Prince William and Catherine Middleton – the first commoner to marry an heir to the throne in hundreds of years – will now become the Duke and Duchess of Cambridge.
While 2 billion people are expected to watch Friday's royal nuptials, London was downright quiet the day before.
Morocco explosion: The blast in the iconic Djemma el-Fna square was Morocco's deadliest attack in eight years.
A military court today sentenced four Shiite demonstrators to death, and handed life sentences to three more, for the deaths of two policemen. Rights activists say the detainees were tortured and denied legal rights.
Former US President Jimmy Carter ended a quick visit to North Korea this week with a message that Kim Jong-il would be willing to hold a summit with South Korea’s President Lee Myung-bak.
The United Nations has sponsored a fitness center in a Palestinian refugee camp in Jordan. The $7 membership fee is steep, but residents are paying up.
Signs point to yes.
Emperor Akihito: The deeply respected royal couple visited a school gymnasium where 200 people live in the town of Minami-Sanriku, 250 miles northeast of Tokyo.
At least 10 Yemen protesters were killed Wednesday when they marched through a heavily contested area of the capital, a route that seemed intended to incite a violent response.
A new $650 million cable system connecting southern Africa with West Africa and Europe will double the capacity of South Africa's mobile phone and Internet networks.
Some 850 individuals and companies hold the highly coveted warrants to supply goods and services to the royals. They supply everything from suits to cars to chocolates to food for a royal wedding.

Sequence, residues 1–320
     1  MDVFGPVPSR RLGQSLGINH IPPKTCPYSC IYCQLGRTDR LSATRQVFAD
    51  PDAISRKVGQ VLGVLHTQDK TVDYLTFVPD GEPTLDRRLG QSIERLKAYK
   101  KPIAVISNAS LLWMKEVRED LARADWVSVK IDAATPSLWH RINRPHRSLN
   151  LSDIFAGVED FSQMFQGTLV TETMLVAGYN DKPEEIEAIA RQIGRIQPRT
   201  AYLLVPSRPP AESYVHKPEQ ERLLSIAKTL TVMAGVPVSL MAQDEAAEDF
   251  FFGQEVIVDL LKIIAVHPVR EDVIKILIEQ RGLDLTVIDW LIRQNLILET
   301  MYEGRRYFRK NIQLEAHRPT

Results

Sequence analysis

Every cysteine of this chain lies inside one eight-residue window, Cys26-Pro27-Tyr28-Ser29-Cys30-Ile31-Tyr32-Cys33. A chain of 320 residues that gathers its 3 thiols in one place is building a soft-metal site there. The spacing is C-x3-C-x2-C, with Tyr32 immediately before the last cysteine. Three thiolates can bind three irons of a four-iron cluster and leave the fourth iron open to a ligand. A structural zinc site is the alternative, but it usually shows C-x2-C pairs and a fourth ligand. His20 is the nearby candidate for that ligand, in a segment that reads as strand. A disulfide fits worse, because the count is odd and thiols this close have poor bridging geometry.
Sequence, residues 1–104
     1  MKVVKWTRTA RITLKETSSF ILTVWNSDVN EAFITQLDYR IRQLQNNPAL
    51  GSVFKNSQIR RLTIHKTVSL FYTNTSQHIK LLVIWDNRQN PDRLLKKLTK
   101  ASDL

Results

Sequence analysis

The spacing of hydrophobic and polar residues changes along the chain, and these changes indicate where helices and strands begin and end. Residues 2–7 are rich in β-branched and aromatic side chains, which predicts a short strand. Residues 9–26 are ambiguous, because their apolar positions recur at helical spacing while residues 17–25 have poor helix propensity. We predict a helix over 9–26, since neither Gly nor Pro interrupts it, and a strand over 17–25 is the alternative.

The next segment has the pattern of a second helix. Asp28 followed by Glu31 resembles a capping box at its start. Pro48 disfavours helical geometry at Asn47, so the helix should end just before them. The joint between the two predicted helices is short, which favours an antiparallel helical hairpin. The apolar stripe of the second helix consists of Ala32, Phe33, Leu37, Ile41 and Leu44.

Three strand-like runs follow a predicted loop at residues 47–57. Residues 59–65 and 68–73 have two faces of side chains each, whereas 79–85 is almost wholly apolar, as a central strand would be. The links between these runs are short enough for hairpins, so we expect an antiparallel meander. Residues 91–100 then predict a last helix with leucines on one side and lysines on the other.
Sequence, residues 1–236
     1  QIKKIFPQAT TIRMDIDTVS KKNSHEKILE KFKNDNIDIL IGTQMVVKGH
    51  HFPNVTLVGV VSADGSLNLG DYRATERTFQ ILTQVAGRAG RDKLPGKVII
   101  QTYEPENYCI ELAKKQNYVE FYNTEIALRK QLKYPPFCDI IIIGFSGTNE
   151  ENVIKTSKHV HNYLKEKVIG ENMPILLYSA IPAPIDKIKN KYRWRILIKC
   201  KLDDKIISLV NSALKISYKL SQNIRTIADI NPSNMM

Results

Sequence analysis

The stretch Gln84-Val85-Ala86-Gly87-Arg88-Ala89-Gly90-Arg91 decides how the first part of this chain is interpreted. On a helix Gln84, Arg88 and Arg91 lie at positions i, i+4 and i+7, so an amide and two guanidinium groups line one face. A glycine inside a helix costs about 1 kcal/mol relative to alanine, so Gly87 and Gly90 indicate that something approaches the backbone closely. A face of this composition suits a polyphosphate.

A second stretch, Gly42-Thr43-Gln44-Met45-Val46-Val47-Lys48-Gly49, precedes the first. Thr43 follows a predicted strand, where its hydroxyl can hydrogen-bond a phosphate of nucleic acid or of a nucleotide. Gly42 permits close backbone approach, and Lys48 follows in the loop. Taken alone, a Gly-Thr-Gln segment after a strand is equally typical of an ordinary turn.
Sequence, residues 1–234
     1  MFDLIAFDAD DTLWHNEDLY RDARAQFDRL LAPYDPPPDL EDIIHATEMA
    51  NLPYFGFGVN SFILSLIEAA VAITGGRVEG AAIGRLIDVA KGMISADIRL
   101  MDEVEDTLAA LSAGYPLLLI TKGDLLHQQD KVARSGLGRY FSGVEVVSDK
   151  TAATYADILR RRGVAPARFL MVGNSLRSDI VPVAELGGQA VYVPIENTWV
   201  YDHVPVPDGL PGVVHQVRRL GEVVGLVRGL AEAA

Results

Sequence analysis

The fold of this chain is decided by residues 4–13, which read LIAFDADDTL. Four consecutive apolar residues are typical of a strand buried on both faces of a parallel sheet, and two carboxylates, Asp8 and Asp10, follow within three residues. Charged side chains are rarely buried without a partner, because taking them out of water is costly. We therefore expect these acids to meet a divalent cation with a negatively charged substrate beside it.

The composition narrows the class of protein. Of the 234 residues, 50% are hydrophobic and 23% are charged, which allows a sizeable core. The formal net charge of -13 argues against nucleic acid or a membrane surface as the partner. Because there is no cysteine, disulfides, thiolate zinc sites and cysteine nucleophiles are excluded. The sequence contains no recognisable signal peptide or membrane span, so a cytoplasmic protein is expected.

In upcoming visits to the US and Europe, Israel's prime minister is likely to argue against UN recognition of Palestinian statehood now that Hamas is joining Fatah at the helm.
Instead of having the working class beat up on royals, the German newspaper Der Freitag asked former royalty to weigh in on Prince William's wedding.
Even if you're not attending the Prince William wedding, flying into London's Heathrow Airport will probably mean long lines at customs thanks to budget cuts. Welcome to austerity Britain.
Weighing in at $65 million, the royal wedding of Prince William and Catherine Middleton is about 2,000 times as costly as the average British upper-middle class wedding.
Food price increases that have caused riots elsewhere in Africa have reached Kenya, and Nairobi residents don't know what to do.
In the land of the Magna Carta – as well as tart satire – footage of the royal wedding of William and Kate is banned from being used in any comedy program, as the Australian TV show 'The Chaser' just learned.
China's vast population is aging fast, threatening the pace of economic growth.
Radio Free Nalut's change from propaganda tool for Libyan dictator Muammar Qaddafi to rebel rallying cry highlights a new push to spread the revolution Libya's Qaddafi-controlled west.